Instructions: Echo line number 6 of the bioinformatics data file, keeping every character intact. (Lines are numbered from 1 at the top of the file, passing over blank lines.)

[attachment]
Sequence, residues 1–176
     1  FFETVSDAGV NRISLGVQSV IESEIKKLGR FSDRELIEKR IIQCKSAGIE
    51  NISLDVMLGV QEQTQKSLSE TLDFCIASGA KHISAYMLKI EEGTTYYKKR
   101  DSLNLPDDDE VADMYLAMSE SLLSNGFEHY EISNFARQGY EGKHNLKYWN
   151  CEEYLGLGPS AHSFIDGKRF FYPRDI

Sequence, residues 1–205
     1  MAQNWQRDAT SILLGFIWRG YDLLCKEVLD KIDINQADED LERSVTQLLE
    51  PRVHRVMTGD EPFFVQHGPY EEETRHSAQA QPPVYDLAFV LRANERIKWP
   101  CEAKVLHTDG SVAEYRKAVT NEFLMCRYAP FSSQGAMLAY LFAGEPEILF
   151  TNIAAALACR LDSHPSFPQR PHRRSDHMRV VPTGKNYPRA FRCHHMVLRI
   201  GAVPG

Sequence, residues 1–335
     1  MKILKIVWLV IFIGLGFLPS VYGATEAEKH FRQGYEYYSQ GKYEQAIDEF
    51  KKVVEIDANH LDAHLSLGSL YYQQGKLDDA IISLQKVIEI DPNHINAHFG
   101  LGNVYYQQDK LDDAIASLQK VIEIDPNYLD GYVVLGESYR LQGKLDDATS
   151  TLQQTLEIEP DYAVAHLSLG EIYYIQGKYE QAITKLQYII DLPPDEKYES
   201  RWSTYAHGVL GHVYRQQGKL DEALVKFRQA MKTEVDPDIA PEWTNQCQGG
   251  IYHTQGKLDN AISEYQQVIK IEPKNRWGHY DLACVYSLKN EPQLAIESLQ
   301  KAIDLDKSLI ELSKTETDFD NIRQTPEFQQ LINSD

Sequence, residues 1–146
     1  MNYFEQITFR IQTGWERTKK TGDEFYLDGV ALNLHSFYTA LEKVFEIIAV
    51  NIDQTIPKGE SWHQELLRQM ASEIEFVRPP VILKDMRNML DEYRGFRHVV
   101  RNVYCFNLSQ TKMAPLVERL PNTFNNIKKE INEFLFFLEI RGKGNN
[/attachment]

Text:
Sequence, residues 1–205